All right, now that we have got this worked out, now we know what is inside the boundary and what is outside the boundary, we have no doubt about that. First thing we really need to do is rotate this crop boundary. So, it even sort of matches the angle of the image.
Well, here is how we do it. Notice if you move your cursor outside the crop boundary. It changes to this little sort of bi-directional arrow thing. Now, drag outside the crop boundary and see how the angle of the crop boundary changes. Now, I am going to move the crop boundary by dragging inside of it to see if I have got the right angle set up. Looks pretty darn good. I might drag outside a little more just to see subtlely adjust it. Once I have got the angles set up the way I want it, now I can scale the crop boundary by dragging a corner handle. Then I can drag one of the side handles or the top or bottom handle. In order to get this pretty well lined up with the outside edges of the image. And this is about the area that I want to crop like we are seeing right now. So get your crop boundary more or less like you see it on screen here like the way I have it. Now, I should mention that the perspective check box has to be turned off in order to scale the crop boundary by dragging the side handles. So, if you are having problems scaling the crop boundary it is because perspective is turned on. Just go ahead and turn it off.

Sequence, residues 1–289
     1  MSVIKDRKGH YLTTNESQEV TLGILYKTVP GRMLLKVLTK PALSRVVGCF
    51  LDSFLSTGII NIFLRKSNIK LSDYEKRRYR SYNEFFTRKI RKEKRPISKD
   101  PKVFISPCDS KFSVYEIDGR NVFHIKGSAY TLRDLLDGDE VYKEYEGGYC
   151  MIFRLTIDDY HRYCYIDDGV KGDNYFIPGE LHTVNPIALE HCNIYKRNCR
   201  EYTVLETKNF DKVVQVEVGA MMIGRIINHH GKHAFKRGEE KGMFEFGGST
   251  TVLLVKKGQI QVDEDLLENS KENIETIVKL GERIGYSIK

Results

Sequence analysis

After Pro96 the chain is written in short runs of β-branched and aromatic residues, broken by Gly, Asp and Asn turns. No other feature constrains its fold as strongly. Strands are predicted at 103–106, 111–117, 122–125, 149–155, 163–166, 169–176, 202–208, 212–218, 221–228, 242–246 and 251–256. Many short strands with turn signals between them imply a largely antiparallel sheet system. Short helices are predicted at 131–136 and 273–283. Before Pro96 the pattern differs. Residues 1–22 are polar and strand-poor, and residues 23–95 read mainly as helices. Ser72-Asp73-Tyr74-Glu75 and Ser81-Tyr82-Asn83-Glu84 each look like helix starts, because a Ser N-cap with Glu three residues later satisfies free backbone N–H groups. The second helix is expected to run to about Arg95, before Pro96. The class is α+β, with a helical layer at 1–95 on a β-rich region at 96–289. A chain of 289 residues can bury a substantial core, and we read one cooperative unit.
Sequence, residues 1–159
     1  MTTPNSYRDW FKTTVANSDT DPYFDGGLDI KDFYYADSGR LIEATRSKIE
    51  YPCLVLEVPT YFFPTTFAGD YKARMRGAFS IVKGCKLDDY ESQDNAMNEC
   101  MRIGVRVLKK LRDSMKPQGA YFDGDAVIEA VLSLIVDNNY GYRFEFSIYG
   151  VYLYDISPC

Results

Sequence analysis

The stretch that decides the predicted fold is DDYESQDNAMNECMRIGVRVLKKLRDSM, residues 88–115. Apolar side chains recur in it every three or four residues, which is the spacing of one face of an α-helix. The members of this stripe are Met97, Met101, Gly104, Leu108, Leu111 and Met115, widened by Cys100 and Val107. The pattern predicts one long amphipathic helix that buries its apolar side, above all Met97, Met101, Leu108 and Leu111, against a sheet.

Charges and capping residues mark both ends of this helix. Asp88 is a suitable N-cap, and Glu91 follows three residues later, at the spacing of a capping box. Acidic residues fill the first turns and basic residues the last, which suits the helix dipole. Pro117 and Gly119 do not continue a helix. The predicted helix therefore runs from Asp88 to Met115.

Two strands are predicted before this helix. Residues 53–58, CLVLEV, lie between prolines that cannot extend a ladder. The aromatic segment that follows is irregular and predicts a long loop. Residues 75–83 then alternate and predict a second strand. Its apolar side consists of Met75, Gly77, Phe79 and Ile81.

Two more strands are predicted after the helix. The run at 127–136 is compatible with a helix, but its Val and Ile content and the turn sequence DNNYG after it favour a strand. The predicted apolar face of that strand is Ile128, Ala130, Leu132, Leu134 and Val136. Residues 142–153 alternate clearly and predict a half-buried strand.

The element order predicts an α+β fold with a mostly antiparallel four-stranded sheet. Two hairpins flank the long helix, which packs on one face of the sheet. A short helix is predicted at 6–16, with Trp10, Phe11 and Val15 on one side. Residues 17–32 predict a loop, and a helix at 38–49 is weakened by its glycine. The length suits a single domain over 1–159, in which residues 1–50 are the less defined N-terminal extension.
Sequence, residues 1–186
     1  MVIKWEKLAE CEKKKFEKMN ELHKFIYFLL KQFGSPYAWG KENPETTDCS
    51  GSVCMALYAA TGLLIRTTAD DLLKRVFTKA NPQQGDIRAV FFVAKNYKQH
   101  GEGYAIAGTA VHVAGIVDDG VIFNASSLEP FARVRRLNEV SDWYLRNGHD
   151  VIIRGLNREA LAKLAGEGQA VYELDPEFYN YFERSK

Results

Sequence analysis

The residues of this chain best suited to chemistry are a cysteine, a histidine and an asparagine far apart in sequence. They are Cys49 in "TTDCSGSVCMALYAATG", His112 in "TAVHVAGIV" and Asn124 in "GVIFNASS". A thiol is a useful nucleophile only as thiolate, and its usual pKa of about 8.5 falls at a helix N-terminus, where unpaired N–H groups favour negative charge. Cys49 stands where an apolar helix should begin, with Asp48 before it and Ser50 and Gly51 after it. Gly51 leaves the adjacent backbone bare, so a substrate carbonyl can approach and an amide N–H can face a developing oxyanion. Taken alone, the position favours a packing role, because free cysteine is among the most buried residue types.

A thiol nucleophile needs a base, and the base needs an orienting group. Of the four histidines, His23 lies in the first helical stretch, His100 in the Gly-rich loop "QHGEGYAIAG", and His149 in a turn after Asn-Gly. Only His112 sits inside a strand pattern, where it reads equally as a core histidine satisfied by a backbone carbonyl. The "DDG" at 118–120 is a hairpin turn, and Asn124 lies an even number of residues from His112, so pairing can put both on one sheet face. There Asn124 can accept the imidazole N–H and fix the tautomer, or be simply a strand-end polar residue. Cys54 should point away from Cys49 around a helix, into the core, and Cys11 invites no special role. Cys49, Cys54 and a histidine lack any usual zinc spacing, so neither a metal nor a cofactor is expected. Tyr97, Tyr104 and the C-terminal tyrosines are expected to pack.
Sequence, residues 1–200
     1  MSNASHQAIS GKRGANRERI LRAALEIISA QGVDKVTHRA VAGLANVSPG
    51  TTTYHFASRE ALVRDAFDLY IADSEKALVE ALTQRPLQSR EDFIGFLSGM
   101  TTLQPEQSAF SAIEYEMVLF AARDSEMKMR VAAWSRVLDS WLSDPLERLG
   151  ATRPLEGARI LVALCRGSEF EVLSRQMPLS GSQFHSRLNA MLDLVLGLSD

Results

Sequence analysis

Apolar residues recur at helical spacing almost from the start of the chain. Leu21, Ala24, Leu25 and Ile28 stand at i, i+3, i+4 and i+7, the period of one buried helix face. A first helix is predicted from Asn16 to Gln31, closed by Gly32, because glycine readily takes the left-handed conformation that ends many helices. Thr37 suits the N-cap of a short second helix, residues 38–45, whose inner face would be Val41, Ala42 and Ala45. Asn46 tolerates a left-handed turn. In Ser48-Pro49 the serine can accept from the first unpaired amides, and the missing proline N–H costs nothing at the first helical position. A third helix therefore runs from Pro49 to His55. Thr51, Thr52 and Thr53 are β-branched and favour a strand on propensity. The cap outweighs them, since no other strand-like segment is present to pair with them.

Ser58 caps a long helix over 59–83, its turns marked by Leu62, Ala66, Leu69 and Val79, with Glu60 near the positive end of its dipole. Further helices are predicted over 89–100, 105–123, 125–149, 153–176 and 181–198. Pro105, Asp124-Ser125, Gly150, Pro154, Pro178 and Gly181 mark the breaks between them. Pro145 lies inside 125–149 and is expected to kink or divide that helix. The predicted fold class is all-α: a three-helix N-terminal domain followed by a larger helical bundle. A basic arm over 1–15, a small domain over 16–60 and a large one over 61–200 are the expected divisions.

We will come back to what the perspective check box does in just a moment. Alright, once your crop boundary looks more or less like this, I want you to go up to the right side of the options bar and click on the check mark. Or you can press the “Enter” or “Return” key on the keyboard. Any of those options clicking the check box or pressing enter or return actually goes ahead in implements that crop. So, it not only crops the area of the image, it gets rid of the stuff outside the mark key but it also ahead and rotates the image as well.